One of the key technologies for developing air superiority in World War II was the fighter auxiliary ‘drop’ fuel tanks. They made deep penetration, fighter escorted, heavy bomber raids possible. Those raids forced Axis fighters to fight more numerous and increasingly better American fighters at a disadvantage, allowing the June 6th 1944 Normandy D-Day landings in Europe under Allied air superiority. For reasons having to do with both intra-service and inter-service politics, technical reasons, training and doctrine, plus plain good luck, MacArthur’s South West Pacific Area (SWPA) theater had such drop tanks in wide service on P-38 fighters during the Battle of the Bismarck Sea (2–4 March 1943), and on P-47’s during June-August 1943. Meanwhile, several months later and 1/2 a world away on the 14 Oct 1943, during the Schweinfurt–Regensburg mission over Southern Germany, the B-17’s of the 8th Air Force were unescorted because their P-38’s and P-47’s lacked drop tanks. This lack caused 20% of the attacking force — 60 B-17’s, and 600 airmen — to be lost.
Auxiliary ‘drop’ fuel tanks weren’t secret. They were common to most American fighters both Navy and Army in the early to mid 1930’s. Nor were they unknown around the world, as the Germans demonstrated in them in Spain early in 1939 (and forgot them for the Battle of Britain in 1940). They were also standard for the Imperial Japanese Navy (IJN) and were responsible — along with “long of lean” fuel control techniques — for the A6M3 Zero’s incredible range in 1941. Yet by the time of Schweinfurt–Regensburg mission, fighter “drop tanks” were unavailable for the 8th Air Force in England. The USAF did a lot to gloss this fact over in the post war narrative, but modern internet search engines will let you see the real facts from declassified documents hiding behind their self-serving unclassified institutional histories.
A 165 Gallon Lockheed Drop Tank in front of a P-38 Lightning Fighter
Development of the Long–Range Escort Fighter.
USAF Historical Study No. 136.
by Bernard Boylan,
USAF Historical Division, Research Studies Institute, Air University,
In February, 1939, Curtiss-Wright suggested to the Air Corps that it might be interested in testing a 52-gallon tank which could be mounted on the bomb rack of a P-36C. The company offered to build such a tank for experimental purposes and to provide the connection with the main tank. The Materiel Command accepted the offer in March, but in April OCAC (Note – Officer Commanding, Air Corps) questioned use of an external tank because of the fire hazard. The plea of Materiel command that the tank was only experimental was not overruled at first, but in May the Chief of the Air Corps directed that no tactical plane be equipped with a droppable fuel tank.l75
THE NEGLECT OF LONG–RANGE ESCORT DEVELOPMENT DURING THE INTERWAR YEARS (1918–1943)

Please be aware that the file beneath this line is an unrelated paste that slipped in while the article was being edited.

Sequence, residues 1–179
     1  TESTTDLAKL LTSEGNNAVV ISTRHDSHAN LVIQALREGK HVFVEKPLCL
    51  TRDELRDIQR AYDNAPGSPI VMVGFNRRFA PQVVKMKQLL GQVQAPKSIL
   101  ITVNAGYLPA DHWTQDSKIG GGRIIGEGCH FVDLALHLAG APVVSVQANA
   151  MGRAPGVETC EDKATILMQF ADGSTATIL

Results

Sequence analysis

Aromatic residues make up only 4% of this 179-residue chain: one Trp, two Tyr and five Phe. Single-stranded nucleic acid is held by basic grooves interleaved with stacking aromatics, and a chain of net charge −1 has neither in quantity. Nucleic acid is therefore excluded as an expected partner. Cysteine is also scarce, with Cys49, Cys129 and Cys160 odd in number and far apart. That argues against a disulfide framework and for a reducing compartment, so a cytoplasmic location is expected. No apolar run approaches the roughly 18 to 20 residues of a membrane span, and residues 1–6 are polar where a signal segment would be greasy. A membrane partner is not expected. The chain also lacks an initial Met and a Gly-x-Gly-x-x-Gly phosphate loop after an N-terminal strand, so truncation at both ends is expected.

Adding external fuel tanks to existing pursuit aircraft seemed like a logical solution to extending pursuit range. Making the tanks dropable in flight preserved maneuverability and performance when required for combat. Experiments with dropable fuel tanks had been conducted throughout the 1920’s and 1930’s. The greatest concern about drop tanks was the hazard of fire. In February 1939, Curtiss–Wright wanted to test a 52–gallon tank mounted on the bomb rack of a P–36C, but the “Chief of the Air Corps directed that no tactical plane be equipped with a dropable fuel tank” because of the potential for fires.18”
The Air Corps Chief of Staff in February 1939 was General Henry H. “Hap” Arnold. Arnold, like the rest of the US Army Air Force (USAAF) Heavy Bomber Clique saw longer range “Pursuit” as a threat to their mythic uber-bomber budget and more importantly the B-17’s potential to further Air Corps institutional independence, first as the US Army Air Force (B-17) and later as the US Air Force (B-29 plus A-bomb). During the mid-1930’s “Long of Lean” fuel control techniques for extending range were dropped from non-heavy bomber training courses. It took Charles Lindberg’s visit to the SWPA in 1944 to re-introduce the technique to USAAF Fighter pilots. Similar combat prohibitions for the use of internal ferry tanks on the medium bombers like the B-25 and B-26, that matched the range of B-17 heavy bombers in range of action and could still deliver bombs with external racks, were also put into place under Arnold.
While early versions of the P-38, P-39 and P-40 were proscribed from having auxiliary drop fuel tanks “because they might be used inappropriately”. These drop tanks were still offered to other customers by American aircraft manufacturers. The USN insisting their aircraft all have that capability. Point in fact the 165 gallon standard P-38 drop tank pictured above was developed for the Lockheed PV-1, called the Hudson by the British, which was the US Navy version of the Lockheed Ventura twin engine commercial transport. This is why successful drop tank designs were available when the USAAF Bomber Clique Generals finally discovered how desperately they were needed after the Schweinfurt–Regensburg mission.